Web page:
Physical Map

Physical maps order elements by physical location, such as latitude and longitude points.

Cartogram types of maps distort reality to convey information. They resize and exaggerate any variable on an attribute value.

Density-equalizing cartograms are your traditional cartograms. In density-equalizing cartograms, map features bulge out a specific variable. Even though it distorts each feature, it remains connected during its creation.

As you can see, it’s easy to get information at only a glance.

In this map, you can instantly see that a high proportion of population live in California and New York. While states like Montana and North Dakota are smaller proportions.

- Must be used with care because knowledge of the actual land area is essential for the reader to make sense of the distorted version shown in the cartogram.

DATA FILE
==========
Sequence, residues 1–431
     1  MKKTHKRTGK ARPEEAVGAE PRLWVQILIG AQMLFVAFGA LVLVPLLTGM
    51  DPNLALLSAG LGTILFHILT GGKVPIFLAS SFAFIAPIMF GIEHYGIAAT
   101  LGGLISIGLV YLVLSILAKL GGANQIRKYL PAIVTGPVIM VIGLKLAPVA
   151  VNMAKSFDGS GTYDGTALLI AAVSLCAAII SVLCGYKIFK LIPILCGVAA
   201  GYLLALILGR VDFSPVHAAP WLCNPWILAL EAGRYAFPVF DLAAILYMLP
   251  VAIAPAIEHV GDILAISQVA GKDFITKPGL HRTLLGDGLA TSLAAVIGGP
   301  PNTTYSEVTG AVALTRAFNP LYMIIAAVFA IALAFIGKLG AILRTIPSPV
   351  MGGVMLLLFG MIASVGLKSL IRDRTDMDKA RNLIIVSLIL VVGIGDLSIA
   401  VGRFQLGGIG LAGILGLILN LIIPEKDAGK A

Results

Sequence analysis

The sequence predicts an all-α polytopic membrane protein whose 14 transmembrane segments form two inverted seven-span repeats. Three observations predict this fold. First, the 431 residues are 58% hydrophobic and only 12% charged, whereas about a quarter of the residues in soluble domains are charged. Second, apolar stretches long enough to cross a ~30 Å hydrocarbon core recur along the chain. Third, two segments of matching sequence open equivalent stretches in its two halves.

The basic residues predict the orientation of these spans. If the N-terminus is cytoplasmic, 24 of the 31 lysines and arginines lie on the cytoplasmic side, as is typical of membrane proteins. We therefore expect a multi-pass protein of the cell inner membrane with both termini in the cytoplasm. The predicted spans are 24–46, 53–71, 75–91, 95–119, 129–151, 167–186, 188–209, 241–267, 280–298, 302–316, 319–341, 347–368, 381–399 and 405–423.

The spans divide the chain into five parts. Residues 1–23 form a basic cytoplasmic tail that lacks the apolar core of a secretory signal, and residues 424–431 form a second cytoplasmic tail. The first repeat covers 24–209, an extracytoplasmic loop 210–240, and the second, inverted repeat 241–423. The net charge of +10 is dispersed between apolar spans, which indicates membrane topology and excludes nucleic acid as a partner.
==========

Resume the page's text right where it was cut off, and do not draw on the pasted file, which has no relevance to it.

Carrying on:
Best Practice:
- Show the actual map before introducing the cartogram

The Dorling Cartogram uses shapes like circles and rectangles to depict area. These types of cartograms make it easy to recognize patterns.

States are substituted with appropriately sized circles to represent clusters of population in the United States. However, the downfall for Dorling Cartograms is that it doesn’t maintain the shape. This means that readers may have difficulty understanding features in the map.

Hexagonal Bins

Hexagonal binning creates a grid in the map with regular hexagons.

Use:
- There are a lot of data points but you do not want to compromise on accuracy
- This map is great for understanding spatial distribution patterns of data
- Spatially aggregating the points into polygon regions to look at groups of data instead of the individual points

The image below shows the ares in which people hail taxis in NYC. On the left, it is difficult to make sense of patterns because there is not enough space between the individual point marks so that you can clearly see where one cluster of data starts and another ends.